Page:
PH to NZ Real Quick

Blog NZ Travel

One August morning I was complaining about how hot Davao City is and then another morning, I was freezing cold inside our heated home in Richmond. It happened so fast that I had to bring myself into reality the moment my son and I stepped foot in Auckland International Airport last August 10, 2018.

During my final week in the Philippines, people were asking me if I was excited and yes I was, but I was really feeling anxious about the BIG move. Never have I tried living or working abroad. I have only been abroad for short tours and it were all in Asia. It was our first time to try a long haul flight and that alone was nerve wracking (At least for me; My son was ecstatic!)

If I may explain a little as to how we got here, my husband was lucky (and blessed) to be offered a job here in New Zealand last March 2018. He applied for an Essential Skills Working Visa because his role is in the Immediate Skill Shortage List. You can check here if your occupation is included in the list. Essential Skills Working Visa has three categories- Low, Mid and High. To be eligible to bring a partner and dependent in NZ, the Essential Skills Visa must be assessed as Mid or High Skilled. Again, he was lucky to have his visa approved and assessed as Mid Skilled. He started working in New Zealand in May 2018. My son and I applied for our own visas last June and both were approved 9 and 8 days later, respectively, although according to the Immigration website, our applications are likely to have a result within 72 days. My visa is Partner of a Worker Working Visa and my son’s visa is Dependent of a Worker Student Visa. We lodged all our visa applications online and we did not avail any agency services. No two visa applications are ever alike as we have different situations and circumstances so I suggest, you visit the New Zealand Immigration website and explore visas you might be qualified in. I am no Immigration Adviser so everything I wrote here are only based on my family’s experience. The INZ website is pretty much informative but when you get confused (which I’m sure you will), feel free to ask your friends or relatives already here in NZ for clarifications. You can ask me too but I have limited knowledge related to NZ visas.

We are currently living in Richmond, part of the Nelson/Tasman region located at the top of the South Island. I heard Nelson gets the most sunshine hours in the entire country which is pretty awesome. In my two weeks of being here, I can already say that NZ is a perfect place to live in. We get pretty views everywhere- even at home. It can get too cold in the morning and at night but I like it better than intense heat and humidity. People here are extra nice and they spend moments of their lives pausing to greet everyone “Hi”, “Hello”, “How are you today?”.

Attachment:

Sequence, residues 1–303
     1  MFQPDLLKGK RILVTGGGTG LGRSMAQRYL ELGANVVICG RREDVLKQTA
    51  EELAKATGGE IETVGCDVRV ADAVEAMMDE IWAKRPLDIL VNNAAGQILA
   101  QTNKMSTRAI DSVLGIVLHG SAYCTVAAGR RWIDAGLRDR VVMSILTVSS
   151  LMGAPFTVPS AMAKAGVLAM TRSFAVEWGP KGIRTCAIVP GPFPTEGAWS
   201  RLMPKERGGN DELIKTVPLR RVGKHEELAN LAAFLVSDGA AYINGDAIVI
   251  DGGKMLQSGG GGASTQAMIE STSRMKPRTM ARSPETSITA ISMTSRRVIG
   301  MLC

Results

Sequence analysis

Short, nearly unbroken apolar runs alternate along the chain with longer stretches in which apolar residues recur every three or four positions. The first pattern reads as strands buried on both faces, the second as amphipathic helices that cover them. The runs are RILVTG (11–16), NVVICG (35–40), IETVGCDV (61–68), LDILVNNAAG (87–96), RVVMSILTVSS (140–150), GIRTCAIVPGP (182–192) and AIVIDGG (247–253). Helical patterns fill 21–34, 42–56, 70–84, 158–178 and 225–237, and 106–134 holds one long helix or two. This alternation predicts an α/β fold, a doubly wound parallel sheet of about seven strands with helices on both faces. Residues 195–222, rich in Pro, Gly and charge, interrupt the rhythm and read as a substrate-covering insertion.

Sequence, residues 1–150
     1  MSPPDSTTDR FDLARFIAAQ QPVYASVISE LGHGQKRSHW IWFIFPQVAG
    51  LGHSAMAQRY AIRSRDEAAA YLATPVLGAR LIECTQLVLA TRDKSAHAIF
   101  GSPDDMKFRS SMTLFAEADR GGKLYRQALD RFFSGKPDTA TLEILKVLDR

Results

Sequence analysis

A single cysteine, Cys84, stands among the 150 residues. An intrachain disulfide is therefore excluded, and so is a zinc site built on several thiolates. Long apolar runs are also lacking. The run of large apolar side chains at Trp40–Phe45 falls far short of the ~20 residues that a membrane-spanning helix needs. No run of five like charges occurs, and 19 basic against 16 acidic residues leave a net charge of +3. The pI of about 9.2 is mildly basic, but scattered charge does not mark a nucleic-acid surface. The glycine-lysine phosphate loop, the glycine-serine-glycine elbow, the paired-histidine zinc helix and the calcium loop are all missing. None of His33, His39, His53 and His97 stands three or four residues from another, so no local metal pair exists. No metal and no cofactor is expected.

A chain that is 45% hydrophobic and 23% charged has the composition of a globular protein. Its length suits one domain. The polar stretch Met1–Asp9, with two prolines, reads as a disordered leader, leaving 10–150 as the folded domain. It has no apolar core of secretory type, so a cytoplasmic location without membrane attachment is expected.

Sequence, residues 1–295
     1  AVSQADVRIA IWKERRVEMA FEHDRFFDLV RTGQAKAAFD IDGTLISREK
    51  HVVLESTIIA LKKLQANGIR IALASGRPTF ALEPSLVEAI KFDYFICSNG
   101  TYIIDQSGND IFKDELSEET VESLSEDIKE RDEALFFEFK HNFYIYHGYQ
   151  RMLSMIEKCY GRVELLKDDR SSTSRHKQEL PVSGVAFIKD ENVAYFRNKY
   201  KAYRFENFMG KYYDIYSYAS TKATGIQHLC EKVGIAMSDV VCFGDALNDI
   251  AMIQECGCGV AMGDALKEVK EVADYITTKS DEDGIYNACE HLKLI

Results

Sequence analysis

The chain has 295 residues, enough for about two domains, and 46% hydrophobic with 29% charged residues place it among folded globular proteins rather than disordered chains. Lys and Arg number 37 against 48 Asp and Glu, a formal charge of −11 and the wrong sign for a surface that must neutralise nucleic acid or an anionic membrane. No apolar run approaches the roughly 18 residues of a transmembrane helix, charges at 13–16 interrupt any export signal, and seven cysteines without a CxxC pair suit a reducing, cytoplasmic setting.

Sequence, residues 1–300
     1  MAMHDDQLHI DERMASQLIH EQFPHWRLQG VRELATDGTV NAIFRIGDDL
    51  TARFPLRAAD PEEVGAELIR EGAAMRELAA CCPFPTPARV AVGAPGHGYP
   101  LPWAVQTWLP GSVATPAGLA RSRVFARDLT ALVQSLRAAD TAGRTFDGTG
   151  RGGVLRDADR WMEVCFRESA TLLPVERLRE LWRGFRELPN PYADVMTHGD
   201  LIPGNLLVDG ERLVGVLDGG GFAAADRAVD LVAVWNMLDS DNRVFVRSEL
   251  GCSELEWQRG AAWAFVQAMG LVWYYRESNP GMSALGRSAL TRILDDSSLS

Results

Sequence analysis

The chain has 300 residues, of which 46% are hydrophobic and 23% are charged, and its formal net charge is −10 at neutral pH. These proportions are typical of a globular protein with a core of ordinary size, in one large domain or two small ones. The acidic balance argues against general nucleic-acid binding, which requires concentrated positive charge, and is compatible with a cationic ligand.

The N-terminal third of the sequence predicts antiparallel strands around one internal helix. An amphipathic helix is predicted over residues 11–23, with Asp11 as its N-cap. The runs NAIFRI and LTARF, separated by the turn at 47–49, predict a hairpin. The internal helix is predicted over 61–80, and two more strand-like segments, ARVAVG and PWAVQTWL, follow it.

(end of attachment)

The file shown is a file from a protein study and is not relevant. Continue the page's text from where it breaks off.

Last Sunday while hearing mass, my nose suddenly felt itchy and runny and I had no tissue so I was frequently touching my nose and the lady beside me must’ve noticed my dilemma and quickly offered me tissue. It was really nice of her but tbh, sometimes I get uncomfortable with greetings and small talks. In the Philippines when we say “Peace be with you” at mass, we simply nod and smile. Here, they look you in the eye, shake your hands, intently says “Peace be with you”, smiles widely then asks a bonus question of “How are you doing?”.

Richmond is a small city with many shops and restaurants that close at 5pm. It was difficult for me to find an IT-related job as we do not have many companies and establishments here unlike in Auckland or other big cities. Jobs here are mostly for trade, horticulture, viticulture, hospitality and food and beverage.

Living in NZ may sound really nice and it really is but it also comes with a slight loneliness brought to you by being away from home, from family, from routines which took you years to develop, and from the familiar sound of your noisy neighbor who you can totally comprehend. I know it takes some getting used to (especially the Kiwi accent).

This is life and we must always allow life to blow us into places we never thought we could land into.

Here’s a calligraphy flatlay I did featuring the flowers I picked from our garden. Follow @diana.scribbles in Instagram for more of my humble calligraphy works.😊

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Thanks for your time. Until my next post.❤️

-Diana

2 thoughts on “PH to NZ Real Quick”

  1. Hi, Yan. Continue to write about your experiences in NZ. It allows me to picture NZ without me getting there. Miss you! God bless you and your family. 🙂

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